Dr. Ben Carson, Presidential Medal of Freedom winner and legendary neurosurgeon, is now in the spotlight for his keynote address to the National Prayer Breakfast on February 7. It’s not brain surgery to figure out why.
Most notable was his criticism of Obamacare, one of the worst federal laws in decades, and one which, before its complete implementation, is already destroying our economy on a massive scale.
Dr. Carson, relying on decades of medical experience, proposed health savings accounts for every American, which would fix two enormous problems in our system today: (1) regressive intergenerational transfers of wealth, and (2) half of our country not having skin in the game, not having invested in their own futures.
HSAs would incentivize efficiency, which is completely lacking in today’s broken healthcare system. Our country is being bankrupted by the healthcare industry, and Dr. Carson has a solution that needs to be taken seriously.
Dr. Carson came under fire for these remarks; people called them political, or partisan. What is wrong with a physician sharing his perspective on health policy? Is it partisan just because this is President Barack Obama we’re dealing with, whom the media has seemingly vowed to protect at any cost?
Dr. Carson’s wisdom should be heeded by policymakers in Washington on both sides of the aisle.
Rush Limbaugh, in his typically bombastic style, warned afterward, as interest grew in Dr. Carson’s ideas, that “The Obama campaign team is gonna get into gear if this guy keeps talking, and they're gonna try to find ways to smear him and ruin his life and do to him what they did to Romney. That's all they can do. They can't beat him in the arena of ideas and superior intellect.”
It is a shame that Dr. Carson’s speech was considered only for its public policy content. The speech is full of wisdom on other topics, such as education, speech codes, and the importance of tithing.
I was intrigued by his discussion of tithing, and its relation to our 70,000-page tax code. Tithing is such a fair way to tax people is because it's proportional. As soon as you move away from proportional taxing, ideology takes over. As a result, ideology is — quite frankly — arbitrary and depends upon the latest trendy or fashionable prejudices.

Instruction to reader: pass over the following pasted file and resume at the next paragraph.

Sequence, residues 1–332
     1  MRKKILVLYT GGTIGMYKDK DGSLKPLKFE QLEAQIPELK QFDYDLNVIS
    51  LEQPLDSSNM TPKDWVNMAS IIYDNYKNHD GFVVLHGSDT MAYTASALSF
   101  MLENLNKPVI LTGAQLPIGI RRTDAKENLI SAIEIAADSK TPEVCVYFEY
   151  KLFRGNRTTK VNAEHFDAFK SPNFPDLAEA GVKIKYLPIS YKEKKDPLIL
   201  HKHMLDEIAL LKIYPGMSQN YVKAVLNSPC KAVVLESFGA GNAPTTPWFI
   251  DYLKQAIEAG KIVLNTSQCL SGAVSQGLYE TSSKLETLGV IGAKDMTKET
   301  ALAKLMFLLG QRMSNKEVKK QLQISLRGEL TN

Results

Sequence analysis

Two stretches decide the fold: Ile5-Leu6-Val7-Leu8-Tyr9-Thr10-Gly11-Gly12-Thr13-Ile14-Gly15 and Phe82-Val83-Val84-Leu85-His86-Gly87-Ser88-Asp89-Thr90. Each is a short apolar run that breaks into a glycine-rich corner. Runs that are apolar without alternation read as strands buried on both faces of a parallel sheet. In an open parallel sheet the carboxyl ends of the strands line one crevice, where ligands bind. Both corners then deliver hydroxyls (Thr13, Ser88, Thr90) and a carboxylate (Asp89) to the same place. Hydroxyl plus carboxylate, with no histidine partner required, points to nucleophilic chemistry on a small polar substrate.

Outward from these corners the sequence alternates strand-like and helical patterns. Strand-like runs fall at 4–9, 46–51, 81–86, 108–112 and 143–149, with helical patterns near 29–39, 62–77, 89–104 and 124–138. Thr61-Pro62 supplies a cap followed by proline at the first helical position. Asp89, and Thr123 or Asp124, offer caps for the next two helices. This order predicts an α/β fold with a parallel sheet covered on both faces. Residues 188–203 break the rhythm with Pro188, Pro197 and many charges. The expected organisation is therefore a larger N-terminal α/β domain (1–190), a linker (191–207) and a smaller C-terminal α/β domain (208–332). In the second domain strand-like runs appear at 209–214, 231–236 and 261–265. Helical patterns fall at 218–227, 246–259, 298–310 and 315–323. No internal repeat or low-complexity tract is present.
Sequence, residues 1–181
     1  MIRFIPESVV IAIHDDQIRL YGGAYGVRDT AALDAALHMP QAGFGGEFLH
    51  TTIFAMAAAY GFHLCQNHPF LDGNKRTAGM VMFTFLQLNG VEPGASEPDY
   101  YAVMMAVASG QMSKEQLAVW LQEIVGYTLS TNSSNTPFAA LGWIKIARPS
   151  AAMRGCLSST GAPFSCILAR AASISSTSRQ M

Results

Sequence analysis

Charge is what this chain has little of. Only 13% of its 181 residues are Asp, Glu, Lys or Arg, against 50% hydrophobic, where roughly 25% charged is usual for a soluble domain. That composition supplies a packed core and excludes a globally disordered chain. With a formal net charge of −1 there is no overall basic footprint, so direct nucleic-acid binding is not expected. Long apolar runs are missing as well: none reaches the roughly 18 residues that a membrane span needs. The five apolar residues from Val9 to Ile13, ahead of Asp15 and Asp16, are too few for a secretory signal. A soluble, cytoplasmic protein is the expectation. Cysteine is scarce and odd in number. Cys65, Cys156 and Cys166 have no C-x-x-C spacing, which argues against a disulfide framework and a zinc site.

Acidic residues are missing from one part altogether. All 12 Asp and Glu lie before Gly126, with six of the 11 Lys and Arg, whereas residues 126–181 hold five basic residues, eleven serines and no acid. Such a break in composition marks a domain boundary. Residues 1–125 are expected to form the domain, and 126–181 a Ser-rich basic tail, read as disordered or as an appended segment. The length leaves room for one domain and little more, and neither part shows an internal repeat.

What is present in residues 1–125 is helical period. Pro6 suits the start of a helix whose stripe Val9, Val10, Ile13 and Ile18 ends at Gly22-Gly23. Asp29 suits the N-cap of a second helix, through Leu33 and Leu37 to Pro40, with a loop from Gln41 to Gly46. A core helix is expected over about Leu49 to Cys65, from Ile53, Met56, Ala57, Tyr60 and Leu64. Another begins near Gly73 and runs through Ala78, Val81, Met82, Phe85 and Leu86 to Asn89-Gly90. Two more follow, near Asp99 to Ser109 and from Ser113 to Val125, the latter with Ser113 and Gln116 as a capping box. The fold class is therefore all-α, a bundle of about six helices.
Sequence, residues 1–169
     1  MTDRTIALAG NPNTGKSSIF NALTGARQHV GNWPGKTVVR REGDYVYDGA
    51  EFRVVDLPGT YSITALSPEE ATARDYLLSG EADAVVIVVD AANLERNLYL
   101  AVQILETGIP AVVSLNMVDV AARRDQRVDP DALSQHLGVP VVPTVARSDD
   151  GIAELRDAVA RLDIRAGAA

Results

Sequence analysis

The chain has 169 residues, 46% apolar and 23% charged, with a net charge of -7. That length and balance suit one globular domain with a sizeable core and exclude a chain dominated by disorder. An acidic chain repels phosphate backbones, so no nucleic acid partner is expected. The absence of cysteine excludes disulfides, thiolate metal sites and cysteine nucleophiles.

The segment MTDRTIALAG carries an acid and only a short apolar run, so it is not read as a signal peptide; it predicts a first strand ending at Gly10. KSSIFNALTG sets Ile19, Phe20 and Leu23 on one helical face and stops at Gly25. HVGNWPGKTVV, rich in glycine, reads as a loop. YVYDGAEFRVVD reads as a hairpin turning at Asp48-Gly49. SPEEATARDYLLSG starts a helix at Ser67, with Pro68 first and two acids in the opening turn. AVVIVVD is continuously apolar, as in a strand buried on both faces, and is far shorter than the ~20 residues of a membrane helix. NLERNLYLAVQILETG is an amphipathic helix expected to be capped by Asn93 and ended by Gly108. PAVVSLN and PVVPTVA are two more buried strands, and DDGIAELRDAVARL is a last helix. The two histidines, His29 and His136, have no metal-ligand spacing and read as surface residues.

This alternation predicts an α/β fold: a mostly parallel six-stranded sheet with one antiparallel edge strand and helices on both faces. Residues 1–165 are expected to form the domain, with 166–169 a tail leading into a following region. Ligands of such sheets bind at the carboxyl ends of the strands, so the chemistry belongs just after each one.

A growing number of people seriously think that the rich should pay more, while some feel they should pay less.
One could legitimately make the argument that if the top 1 percent pay 37 percent of the income taxes and the top 5 percent pay 59 percent, this clearly demonstrates their tax base should be lower. The top 5 percent don't make 59 percent of the income and yet they pay 59 percent of the taxes. Therefore it is simple and fair to make the argument that they are being overtaxed.
Simplification is the only true and fair solution.
If you pay God 10 percent of your wealth, why should you pay the government more than that? Unlike our tax code, tithing is simple, and it is fair.
Tithing represents 10 percent of one's increase. A proportional tax system does not have to reside at 10 percent. It can be higher or lower depending on the needs of the government. Because it would be applied proportionally to the entire population, the government would be unlikely to raise taxes to a very high level, for it would effect everyone and not just a small group of voters. This is a clear advantage of a proportional tax rate, that everyone participates.
A country where half of the population pay no income taxes, but are allowed to vote to make the other people pay more taxes, makes absolutely no sense.
When everybody has skin in the game, then everyone will be responsible: Imagine if when you ate ice cream, somebody else got fat! That’s how our tax and spend government works: 51 percent of the people vote for spending paid for by the other 49 percent.
Dr. Carson says that he has not ruled out a run for office if “the Lord grabbed me by the collar and made” him do it. Whether or not he does, I think that our leaders in Washington need to listen to this man, and at least take a half hour to listen to his Prayer Breakfast speech. It is a large dose of common sense, something that has been lacking in Washington for many years.
I am proud to call Dr. Carson my friend, and, like just about everyone else, I hope to hear more such speeches from him in the future. I also strongly encourage you to read more about Dr. Ben Carson, especially his latest New York Times best-selling book, "America the Beautiful," which he wrote with his wife Candy, and which details the scholarship program that they have been running for 15 years.
I’m hoping that we’ll get a sequel sometime soon.
Armstrong Williams is an African-American political commentator who writes a conservative newspaper column, hosts a nationally syndicated TV program called “The Right Side,” and hosts a daily radio show on Sirius/XM Power 128 (7-8 p.m. and 4-5 a.m.) Monday through Friday. Read more reports from Armstrong Williams — Click Here Now.
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